Lion - Spring 2019 - Athletics Launches New Lacrosse Club Teams
- Posted in All University
- Category: Campus News
There’s a new club sport at Lincoln University, a sport that is not often offered by HBCUs: lacrosse. Yes, lacrosse: one of the fastest growing sports in the country where such powerhouse schools as University of Maryland, Johns Hopkins and Duke have dominated in recent years. Yet, lacrosse programs on HBCU campuses are few and far between.
However, considering that former Syracuse University and Cleveland Browns running back Jim Brown was also considered one of the greatest lacrosse players to ever pick up a stick, the fast growing sport is not new to black America. Yet when Hampton University in 2015 became the first Division I HBCU to field a lacrosse team, there were only four other HBCU varsity programs in the country, half of which were women’s teams.
In fact, there was a short-lived women’s lacrosse team at Lincoln. Formed in 1970 as one of the first women’s sports programs at the school, along with volleyball, tennis and basketball, the program was coached by Clementine Sloan, a member of the U.S.
Women’s Lacrosse Team. The team played briefly in 1971. In fact, a lacrosse team had been discussed as early as 1947, according to an article in The Lincolnian. The impetus behind the current lacrosse club— which will have a men’s team and a women’s team— comes from Lincoln students Devin Adams and Natalya Coote and others who met with athletic director Harry Stinson about the possibility of forming a club program on campus.
“After meeting with the students we thought this would be an excellent way to increase sport offerings for students at Lincoln and provide additional ways for students to have a co-curricular experience,” says Stinson. “Lacrosse is a prime sport in the region that Lincoln University serves and with Lincoln being a premier liberal arts institution having a sport such as lacrosse would truly diversify the student population.”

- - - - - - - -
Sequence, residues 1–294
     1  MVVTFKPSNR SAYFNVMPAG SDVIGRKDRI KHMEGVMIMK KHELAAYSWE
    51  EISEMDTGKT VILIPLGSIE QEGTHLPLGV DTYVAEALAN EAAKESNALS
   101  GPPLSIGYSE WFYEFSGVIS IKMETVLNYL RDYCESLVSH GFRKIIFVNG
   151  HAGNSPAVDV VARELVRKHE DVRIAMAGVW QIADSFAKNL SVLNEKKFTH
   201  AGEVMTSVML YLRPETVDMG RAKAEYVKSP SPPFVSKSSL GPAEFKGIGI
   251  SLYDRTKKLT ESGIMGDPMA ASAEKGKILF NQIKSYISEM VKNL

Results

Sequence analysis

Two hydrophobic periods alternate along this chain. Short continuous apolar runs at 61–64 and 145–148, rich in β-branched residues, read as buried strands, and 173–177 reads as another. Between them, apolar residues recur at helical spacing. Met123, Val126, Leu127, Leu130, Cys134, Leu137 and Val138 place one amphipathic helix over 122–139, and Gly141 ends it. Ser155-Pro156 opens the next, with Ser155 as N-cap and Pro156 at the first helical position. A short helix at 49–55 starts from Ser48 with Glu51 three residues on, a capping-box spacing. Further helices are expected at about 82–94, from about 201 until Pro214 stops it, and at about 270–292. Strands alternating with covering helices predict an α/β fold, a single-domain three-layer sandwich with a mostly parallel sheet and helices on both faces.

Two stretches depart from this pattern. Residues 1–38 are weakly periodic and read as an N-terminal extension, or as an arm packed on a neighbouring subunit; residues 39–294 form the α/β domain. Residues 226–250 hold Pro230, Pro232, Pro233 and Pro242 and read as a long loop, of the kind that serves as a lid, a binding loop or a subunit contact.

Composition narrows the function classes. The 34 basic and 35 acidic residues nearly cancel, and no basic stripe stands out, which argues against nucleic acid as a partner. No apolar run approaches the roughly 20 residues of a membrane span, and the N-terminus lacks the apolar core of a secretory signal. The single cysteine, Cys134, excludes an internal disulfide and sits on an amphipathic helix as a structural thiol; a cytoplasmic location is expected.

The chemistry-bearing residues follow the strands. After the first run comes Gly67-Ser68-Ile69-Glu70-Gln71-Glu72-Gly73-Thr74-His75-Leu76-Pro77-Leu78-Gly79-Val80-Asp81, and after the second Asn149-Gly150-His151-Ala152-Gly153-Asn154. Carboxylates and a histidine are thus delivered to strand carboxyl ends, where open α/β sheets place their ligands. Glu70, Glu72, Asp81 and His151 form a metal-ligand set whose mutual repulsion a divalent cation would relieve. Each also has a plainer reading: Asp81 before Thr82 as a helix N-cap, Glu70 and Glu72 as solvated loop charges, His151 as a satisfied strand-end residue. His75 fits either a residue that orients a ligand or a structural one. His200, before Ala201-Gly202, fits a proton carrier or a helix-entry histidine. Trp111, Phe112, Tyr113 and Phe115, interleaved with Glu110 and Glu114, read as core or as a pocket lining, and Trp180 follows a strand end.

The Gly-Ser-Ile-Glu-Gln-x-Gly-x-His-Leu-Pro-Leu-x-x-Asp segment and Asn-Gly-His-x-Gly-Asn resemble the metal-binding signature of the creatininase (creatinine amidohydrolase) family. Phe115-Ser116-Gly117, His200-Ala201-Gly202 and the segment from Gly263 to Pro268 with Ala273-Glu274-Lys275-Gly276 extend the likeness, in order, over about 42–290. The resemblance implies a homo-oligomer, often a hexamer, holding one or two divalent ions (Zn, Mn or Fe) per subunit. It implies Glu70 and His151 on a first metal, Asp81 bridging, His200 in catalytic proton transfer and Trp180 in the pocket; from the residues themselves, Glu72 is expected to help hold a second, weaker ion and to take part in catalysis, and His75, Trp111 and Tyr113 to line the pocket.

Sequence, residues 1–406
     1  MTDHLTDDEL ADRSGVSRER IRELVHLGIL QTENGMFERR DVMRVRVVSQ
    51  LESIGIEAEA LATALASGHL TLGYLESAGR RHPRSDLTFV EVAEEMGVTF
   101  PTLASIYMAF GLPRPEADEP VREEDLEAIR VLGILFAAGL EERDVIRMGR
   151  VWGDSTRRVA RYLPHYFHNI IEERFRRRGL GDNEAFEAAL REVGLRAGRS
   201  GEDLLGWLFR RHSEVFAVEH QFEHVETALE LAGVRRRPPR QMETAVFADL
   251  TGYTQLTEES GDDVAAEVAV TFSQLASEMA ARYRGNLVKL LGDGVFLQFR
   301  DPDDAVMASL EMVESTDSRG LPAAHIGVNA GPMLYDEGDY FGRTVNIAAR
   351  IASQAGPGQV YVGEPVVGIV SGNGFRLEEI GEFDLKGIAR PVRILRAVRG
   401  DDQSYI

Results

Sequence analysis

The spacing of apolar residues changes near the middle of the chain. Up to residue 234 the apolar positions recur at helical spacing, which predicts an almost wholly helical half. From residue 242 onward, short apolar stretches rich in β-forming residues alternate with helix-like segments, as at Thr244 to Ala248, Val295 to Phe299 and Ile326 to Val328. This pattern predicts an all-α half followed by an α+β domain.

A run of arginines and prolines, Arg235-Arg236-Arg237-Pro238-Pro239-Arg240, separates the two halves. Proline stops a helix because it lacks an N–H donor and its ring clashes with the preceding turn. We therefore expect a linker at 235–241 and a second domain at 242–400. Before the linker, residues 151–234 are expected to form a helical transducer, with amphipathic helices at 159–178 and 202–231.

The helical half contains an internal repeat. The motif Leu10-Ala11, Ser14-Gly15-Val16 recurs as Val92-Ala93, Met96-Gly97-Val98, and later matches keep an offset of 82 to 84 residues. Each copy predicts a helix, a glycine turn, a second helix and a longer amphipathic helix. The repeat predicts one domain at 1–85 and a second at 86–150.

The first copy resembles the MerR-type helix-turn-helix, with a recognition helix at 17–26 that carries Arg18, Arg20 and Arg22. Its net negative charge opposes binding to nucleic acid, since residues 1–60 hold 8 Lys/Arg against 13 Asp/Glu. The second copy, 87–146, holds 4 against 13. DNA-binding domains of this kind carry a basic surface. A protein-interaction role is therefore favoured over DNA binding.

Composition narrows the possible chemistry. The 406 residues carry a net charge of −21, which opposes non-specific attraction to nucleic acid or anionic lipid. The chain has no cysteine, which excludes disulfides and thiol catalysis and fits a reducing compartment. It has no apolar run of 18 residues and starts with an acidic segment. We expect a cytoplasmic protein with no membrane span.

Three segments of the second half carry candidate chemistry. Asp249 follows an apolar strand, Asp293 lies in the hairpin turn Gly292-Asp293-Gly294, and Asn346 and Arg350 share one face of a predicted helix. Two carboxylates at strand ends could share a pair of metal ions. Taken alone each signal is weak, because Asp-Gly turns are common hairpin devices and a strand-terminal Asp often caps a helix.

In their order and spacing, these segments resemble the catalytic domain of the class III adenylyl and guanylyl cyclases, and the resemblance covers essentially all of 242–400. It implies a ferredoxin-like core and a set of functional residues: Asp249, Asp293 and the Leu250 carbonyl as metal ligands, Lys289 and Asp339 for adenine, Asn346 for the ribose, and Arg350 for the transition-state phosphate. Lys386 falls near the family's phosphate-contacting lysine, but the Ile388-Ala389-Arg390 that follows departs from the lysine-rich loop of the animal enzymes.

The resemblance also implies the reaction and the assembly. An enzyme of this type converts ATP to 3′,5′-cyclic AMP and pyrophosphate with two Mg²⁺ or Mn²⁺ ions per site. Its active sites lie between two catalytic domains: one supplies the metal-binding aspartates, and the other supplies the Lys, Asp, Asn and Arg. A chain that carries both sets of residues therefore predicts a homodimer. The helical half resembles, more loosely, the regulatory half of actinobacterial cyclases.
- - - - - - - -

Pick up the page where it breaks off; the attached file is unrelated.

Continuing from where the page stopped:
Adams played at Bel Air High School in Maryland. Initially recruited elsewhere for lacrosse, when that personal goal did not work out he enrolled at Lincoln in fall 2017. “I’ve been playing since fourth grade, and I also played club ball where I truly developed my love for the game,” says Adams. “I was playing throughout the summer, traveling and playing different people and continued to play club ball while in high school and my goal was to play college lacrosse.”
My love for the game didn’t go away,” says Adams. “So I wanted to start the lacrosse club so I could continue to play.”
Last spring, the first meeting to gauge interest in the lacrosse program drew about 40 students, 20 men and 20 women, along with Stinson and Brandon Olaya, then an assistant athletic trainer. Last fall, Adams and other club members began raising funds during football games. A “gofundme” page was also created as well as social media accounts on Twitter and Instagram. A few thousand dollars was raised for the program, which continues to consider fundraising ideas.
Through a contact with US Lacrosse, Olaya —the unofficial coach and club administrator— set up an introductory clinic that was held in Manuel Rivero Gym on February 2. Lacrosse field lines were also painted on the auxiliary turf field and goals and balls were purchased. The team submitted an application to begin playing in the National College Lacrosse League (NCLL) and two club teams from Morgan State and Cabrini universities expressed interest in playing Lincoln in club exhibition matches.
“Ironically,” says Olaya, who played lacrosse for Vineland High School in New Jersey, “Lacrosse is the reason I am an athletic trainer. My junior year I was blindsided during a game and tore my ACL. My athletic trainers at VHS helped me get back for my senior season, and from that I wanted to 'pay it forward' and then went to college for athletic training at Rowan University.”
Adams hopes to see the interest continue to grow. “Right now we have about 70 people in our group chat that are interested in playing. We don’t know if all of them are going to play this spring, but we hope all will come out. The interest here on campus is there – it’s just a matter of them coming
out and us providing the opportunity for them.”
“I would love [in the future] to see lacrosse, men and women, become a varsity sport here at Lincoln,” says Adams.
“We are excited about the future of lacrosse,” adds Stinson. “The club's success could potentially turn into a varsity program but the expansion of club sports at Lincoln is one of the focuses and my vision for the Athletics and Recreational Services Department.
“Finding new ways to connect with students and providing opportunities for them to compete is key to the success of Lincoln’s future. Spring 2019 is the official launch of the program with a couple of exhibition club competitions with hopes to join a club conference in the spring of 2020 for a
complete robust schedule.”
With students like Adams and Coote leading the way, along with the support of the athletic department administration, the lacrosse club is on its way to becoming a success on the Lincoln campus.